FILE - Illinois budget, 2020, Virus Outbreak Illinois Legislature

Illinois Speaker of the House Michael Madigan, D-Chicago, talks with Illinois State Rep. Tim Butler, R-Springfield, and Illinois State Rep. Mike Murphy, R-Springfield, an extended session of the Illinois House of Representatives at the Bank of Springfield Center, May 23, 2020, in Springfield, Ill. 

(The Center Square) – Several Illinois state lawmakers are looking to give the Legislative Inspector General more independence to investigate lawmakers.

The Legislative Inspector General is overseen by the Legislative Ethics Commission, a bipartisan panel of lawmakers from the House and Senate. There have been various reforms to the office over the years since a multi-year vacancy was revealed in 2017 during the peak of the #MeToo movement.

One reform several years ago allowed sexual harassment claims to be investigated without the inspector getting permission from the commission.

State Rep. Mike Murphy, R-Springfield, wants to give the inspector general more freedom with House Bill 2575.

“She wouldn't have to go ask permission to issue subpoenas, she wouldn't have to get permission to start an investigation,” Murphy told WMAY. “Expanding her ability to do investigations, and I’m working that bill very hard and if that bill doesn’t get called in committee it will be a shame. It’s a good piece of legislation.”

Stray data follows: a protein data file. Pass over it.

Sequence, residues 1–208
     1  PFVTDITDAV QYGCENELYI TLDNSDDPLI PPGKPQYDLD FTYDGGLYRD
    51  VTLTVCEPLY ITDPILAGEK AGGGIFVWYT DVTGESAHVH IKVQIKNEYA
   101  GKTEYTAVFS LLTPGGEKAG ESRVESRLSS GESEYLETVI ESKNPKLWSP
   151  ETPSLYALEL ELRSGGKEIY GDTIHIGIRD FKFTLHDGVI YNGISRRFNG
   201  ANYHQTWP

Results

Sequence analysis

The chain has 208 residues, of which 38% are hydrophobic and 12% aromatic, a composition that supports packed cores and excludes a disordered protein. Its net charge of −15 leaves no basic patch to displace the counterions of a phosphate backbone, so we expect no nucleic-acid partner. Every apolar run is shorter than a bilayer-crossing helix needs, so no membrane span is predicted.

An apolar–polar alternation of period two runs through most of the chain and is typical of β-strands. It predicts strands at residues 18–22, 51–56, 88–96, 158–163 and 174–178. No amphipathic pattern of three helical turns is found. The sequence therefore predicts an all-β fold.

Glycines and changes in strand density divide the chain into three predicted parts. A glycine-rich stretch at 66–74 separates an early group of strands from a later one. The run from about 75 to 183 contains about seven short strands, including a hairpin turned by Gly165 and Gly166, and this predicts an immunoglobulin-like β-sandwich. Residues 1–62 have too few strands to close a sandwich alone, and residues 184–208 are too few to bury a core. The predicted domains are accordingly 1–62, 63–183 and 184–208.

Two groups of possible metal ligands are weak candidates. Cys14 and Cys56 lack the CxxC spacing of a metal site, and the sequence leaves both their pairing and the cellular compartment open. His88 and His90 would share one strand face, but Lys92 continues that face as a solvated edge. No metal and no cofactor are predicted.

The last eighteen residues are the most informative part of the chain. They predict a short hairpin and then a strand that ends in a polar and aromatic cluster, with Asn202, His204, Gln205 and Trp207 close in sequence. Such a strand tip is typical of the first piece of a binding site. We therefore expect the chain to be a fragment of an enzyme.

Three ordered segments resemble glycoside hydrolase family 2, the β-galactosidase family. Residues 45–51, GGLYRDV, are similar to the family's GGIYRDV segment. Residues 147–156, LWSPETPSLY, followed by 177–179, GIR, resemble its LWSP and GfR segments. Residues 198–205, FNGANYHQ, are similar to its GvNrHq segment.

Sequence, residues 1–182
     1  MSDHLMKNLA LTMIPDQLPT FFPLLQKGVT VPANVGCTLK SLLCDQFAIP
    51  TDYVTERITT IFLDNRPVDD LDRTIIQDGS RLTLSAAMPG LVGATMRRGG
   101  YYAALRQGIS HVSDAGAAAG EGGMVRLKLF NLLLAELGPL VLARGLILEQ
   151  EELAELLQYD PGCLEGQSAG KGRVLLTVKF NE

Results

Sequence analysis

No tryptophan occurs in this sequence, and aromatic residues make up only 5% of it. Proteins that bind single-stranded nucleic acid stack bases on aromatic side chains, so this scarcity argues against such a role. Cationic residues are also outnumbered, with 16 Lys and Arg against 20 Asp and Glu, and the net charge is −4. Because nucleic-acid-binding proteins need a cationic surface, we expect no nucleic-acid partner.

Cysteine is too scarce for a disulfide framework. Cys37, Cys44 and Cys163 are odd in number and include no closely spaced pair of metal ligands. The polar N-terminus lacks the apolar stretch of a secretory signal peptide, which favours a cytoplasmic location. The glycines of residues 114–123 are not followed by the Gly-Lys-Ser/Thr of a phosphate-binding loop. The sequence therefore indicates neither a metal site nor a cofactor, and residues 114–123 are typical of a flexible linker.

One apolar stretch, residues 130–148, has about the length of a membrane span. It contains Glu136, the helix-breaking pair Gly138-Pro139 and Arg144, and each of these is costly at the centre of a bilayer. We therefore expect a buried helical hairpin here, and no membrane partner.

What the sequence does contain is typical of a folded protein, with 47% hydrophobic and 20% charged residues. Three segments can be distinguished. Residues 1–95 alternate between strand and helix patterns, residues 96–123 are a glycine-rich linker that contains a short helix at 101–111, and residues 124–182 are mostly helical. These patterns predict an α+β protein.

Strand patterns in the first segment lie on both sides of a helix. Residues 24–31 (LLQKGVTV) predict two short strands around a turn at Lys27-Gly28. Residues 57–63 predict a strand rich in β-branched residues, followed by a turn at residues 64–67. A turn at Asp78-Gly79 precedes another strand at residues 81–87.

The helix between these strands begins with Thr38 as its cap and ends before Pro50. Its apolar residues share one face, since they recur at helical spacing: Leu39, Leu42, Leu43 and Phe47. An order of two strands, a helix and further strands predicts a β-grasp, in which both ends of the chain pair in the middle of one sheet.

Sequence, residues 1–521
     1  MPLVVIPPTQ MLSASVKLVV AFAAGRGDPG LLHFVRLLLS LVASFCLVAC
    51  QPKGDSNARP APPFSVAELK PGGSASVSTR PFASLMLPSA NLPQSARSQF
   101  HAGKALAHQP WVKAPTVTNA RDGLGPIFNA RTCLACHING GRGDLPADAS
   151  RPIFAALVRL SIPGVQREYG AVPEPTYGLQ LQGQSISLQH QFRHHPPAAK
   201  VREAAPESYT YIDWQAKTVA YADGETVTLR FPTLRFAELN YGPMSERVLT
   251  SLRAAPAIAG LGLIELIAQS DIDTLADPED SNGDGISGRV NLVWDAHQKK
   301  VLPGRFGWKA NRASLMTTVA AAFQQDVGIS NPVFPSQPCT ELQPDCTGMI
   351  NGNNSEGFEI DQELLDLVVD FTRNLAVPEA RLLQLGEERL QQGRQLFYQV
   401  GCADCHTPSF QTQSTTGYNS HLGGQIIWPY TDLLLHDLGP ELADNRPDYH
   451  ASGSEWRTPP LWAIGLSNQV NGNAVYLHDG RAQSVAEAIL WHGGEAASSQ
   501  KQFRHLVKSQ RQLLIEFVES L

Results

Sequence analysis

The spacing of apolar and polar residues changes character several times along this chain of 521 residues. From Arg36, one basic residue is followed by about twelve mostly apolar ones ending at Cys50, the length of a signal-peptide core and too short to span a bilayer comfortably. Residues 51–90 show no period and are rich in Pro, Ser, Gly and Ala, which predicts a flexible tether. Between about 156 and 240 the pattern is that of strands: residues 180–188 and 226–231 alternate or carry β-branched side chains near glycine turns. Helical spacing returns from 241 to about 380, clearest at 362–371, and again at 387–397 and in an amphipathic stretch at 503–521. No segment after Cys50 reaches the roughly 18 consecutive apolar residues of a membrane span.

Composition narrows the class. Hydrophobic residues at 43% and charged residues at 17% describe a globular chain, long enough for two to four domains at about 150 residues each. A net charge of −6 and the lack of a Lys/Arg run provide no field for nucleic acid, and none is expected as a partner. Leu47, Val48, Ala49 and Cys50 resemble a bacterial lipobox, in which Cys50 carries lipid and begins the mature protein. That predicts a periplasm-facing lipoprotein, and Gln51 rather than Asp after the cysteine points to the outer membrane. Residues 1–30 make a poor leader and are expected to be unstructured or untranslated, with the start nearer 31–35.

The measure also requires complainants to be notified their claims have been received within 15 days.

Citizen Denise Rotheimer went a year without notification her case was being addressed. That revealed a years’ long vacancy in the office of inspector general in 2017. Tuesday Rotheimer said complainants need rights.

“You know, getting a notification, ‘yes, I received a copy of your complaint, it's not just sitting on a desk collecting dust in a vacant office for three years,” Rotheimer said.

She pushed for more rights for complainants than what Murphy’s bill provides.

Other elements of Murphy’s measure include requiring six of eight members of the legislative ethics commission needed to block publication of founded complaints, and unfounded reports can be published if the accused gives consent.

Murphy’s measure remains in the Rules committee. There are nine co-sponsors, all Republicans.

He’s heard concerns from some in his caucus who said they don’t “want it to allow the inspector general to just go on witch hunts,” Murphy said. “I don’t believe that will happen. I trust our inspector general.”

Rotheimer said to lawmakers who worry about “witch hunts,” they should know “we the people are tired of this corruption.”

“There are even protections against witch hunts on the application so when you are filing the complaint, there’s a disclosure that if you’re filing a false complaint, it’s a criminal penalty,” Rotheimer said.

She said lawmakers on the ethics commission back in 2017 knew of the vacancy and did nothing.

Last year, the previous Legislative Inspector General said the panel of lawmakers “cannot be trusted.”

The current Legislative Inspector General has advocated for more independence.

Staff Reporter

Greg Bishop reports on Illinois government and other issues for The Center Square. Bishop has years of award-winning broadcast experience and hosts the WMAY Morning Newsfeed out of Springfield.